• Solution Problem #2

• The gravitational potential energy would be transformed into kinetic energy. So

## 3.2: Conservation of Energy

• The sum of an object’s kinetic and potential energies is called its mechanical energy, E: `E = K + U`.

• Assuming that no nonconservative forces (friction, for example) act on an object or system while it undergoes some change, then mechanical energy is conserved. That is, the initial mechanical energy, Ei , is equal to the final mechanical energy, Ef , or

• This is the simplest form of the Law of Conservation of Total Energy, which we mentioned at the beginning of this section.

Conservation of Energy Sample Problem

A ball of mass 2 kg is dropped from a height of 5.0 m above the floor. Find the speed of the ball as it strikes the floor.

Solution

• Ignoring the friction due to the air, we can apply Conservation of Mechanical Energy. Calling the floor our h = 0 reference level, we write

• Note that the ball’s potential energy decreased, while its kinetic energy increased. This is the basic idea behind conservation of mechanical energy: One form of energy decreases while the other increases.

### Potential Energy Curves

• Potential energy curves are graphical representations of the potential energy of a system as a function of the distance between two or more particles.

• These curves are used to study the behavior of molecules, atoms, and other particles in a system.

• The shape of the potential energy curve depends on the type of interaction between the particles in the system.

• The potential energy curve for a simple harmonic oscillator is a parabola, while the curve for a diatomic molecule is more complex.

• The potential energy curve for a diatomic molecule has two minima, corresponding to the equilibrium bond length and the dissociation limit.

• The potential energy curve for a polyatomic molecule has many minima and maxima, corresponding to the different conformations of the molecule.

Conservation of Energy Sample Problem

An object of mass m = 4 kg has a potential energy function U(x) = (x – 2) – (2x – 3)^3; Where x is measured in meters and U in joules. The following graph is a sketch of the potential energy function.

(a) Determine the positions of points A and B, the equilibrium points. (b) If the object is released from rest at the point B, can it reach point A or C? Explain. (c) The particle is released from rest at point C. Determine its speed as it passes point A.

Solution

• The points A and B are a local minimum and maximum, respectively, so the derivative of U(x) will be zero at these locations.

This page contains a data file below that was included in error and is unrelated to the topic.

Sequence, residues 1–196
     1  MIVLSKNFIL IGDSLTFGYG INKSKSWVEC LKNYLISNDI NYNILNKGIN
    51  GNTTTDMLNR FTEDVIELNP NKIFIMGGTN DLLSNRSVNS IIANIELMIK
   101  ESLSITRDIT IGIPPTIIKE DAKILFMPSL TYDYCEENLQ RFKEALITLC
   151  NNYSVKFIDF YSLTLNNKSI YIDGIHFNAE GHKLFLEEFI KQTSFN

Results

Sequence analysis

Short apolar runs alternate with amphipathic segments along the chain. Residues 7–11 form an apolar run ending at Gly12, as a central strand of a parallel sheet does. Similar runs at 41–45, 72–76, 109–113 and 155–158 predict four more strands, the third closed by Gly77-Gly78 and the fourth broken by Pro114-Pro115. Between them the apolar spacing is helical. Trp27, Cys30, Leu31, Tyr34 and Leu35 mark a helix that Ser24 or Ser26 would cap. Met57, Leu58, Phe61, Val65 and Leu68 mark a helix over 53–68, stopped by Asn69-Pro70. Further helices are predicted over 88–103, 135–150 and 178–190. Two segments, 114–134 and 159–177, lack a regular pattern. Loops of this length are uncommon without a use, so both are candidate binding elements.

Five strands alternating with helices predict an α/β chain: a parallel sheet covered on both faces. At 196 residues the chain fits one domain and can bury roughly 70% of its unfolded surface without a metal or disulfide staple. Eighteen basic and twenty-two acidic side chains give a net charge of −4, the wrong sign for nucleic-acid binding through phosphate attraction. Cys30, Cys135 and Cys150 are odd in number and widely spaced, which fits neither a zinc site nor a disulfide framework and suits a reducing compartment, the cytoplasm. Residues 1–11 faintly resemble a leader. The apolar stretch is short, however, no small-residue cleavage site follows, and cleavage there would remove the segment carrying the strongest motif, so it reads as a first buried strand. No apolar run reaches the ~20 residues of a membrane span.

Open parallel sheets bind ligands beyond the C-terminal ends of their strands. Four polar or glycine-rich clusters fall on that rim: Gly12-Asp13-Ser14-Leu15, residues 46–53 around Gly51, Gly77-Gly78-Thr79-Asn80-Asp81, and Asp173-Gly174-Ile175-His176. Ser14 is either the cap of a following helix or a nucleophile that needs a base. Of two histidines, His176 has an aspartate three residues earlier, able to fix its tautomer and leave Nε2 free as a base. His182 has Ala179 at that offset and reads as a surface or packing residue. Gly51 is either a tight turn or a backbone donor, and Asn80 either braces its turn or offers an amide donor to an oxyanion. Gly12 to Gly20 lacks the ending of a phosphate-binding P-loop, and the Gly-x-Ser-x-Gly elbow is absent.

• The object has a negative total amount of mechanical energy at point B because all of its energy is potential energy. It will not be able to reach point C, because that position has a potential energy well above zero.

• However the object would be able to reach point A because the potential energy at A is less than the energy the object started with at point B. As the object moved from B to A its potential energy would decrease (become more negative) and its kinetic energy would increase.

• First, we need to find how much potential energy the object has at point C, and this will define the total mechanical energy of the object. Then determine the potential energy at point A, x = 1.3 m, and use conservation of energy to determine the speed at point A.

## 3.3: Power

• Power is the rate at which work gets done (or energy gets transferred, which is the same thing). Suppose you and I each do 1,000 J of work, but I do the work in 2 minutes while you do it in 1 minute. We both did the same amount of work, but you did it more quickly; you were more powerful.

• Since power is a rate, it can be represented as a derivative, too. The calculus (rather than algebra) equation for power is:

• Power Sample Problem #1

A mover pushes a large crate (mass m = 75 kg) from the inside of the truck to the back end (a distance of 6 m), exerting a steady push of 300 N. If he moves the crate this distance in 20 s, what is his power output during this time?

• Solution Problem #1

• The work done on the crate by the mover is `W = Fd = (300N)(6 m) = 1,800 J`.

• If this much work is done in 20 s, then the power delivered is `P = W/t = (1,800 J)/(20 s) = 90 W`.

• Power Sample Problem #2

What must be the power output of a rocket engine, which moves a 1,000 kg rocket at a constant speed of 8.0 m/s?

• Solution Problem #2

• The equation P = Fv, with F = mg, yields

• `P = mgv = (1,000 kg)(10 N/kg)(8.0 m/s) = 80,000 W = 80 kW`